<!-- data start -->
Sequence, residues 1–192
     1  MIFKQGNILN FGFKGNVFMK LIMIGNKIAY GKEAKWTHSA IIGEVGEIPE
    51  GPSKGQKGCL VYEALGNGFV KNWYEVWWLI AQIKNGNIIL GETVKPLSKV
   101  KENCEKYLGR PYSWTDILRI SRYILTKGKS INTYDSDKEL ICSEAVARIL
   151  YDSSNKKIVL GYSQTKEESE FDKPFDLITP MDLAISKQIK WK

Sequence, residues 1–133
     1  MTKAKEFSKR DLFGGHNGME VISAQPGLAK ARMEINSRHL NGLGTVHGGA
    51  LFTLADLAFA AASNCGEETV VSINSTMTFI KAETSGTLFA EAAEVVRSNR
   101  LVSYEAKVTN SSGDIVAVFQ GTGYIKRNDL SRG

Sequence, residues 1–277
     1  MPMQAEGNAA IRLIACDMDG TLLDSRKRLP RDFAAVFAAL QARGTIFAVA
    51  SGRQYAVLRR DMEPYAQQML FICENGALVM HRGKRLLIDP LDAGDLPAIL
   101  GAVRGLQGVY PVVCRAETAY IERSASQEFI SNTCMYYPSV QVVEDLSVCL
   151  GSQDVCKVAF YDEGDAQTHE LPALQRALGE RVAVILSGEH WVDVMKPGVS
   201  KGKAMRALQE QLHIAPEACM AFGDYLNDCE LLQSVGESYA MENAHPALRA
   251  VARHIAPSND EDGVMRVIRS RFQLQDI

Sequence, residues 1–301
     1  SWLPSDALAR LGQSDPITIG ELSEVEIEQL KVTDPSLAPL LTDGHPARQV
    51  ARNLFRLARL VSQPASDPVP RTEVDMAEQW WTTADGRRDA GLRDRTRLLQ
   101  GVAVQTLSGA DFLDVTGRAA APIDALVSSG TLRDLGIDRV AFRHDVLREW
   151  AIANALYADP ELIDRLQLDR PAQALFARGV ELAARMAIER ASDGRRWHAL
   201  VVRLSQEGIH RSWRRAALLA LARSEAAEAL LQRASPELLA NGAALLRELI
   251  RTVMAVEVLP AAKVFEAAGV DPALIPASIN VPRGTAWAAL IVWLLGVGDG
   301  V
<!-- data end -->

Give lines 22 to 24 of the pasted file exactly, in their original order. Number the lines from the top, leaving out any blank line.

   201  VVRLSQEGIH RSWRRAALLA LARSEAAEAL LQRASPELLA NGAALLRELI
   251  RTVMAVEVLP AAKVFEAAGV DPALIPASIN VPRGTAWAAL IVWLLGVGDG
   301  V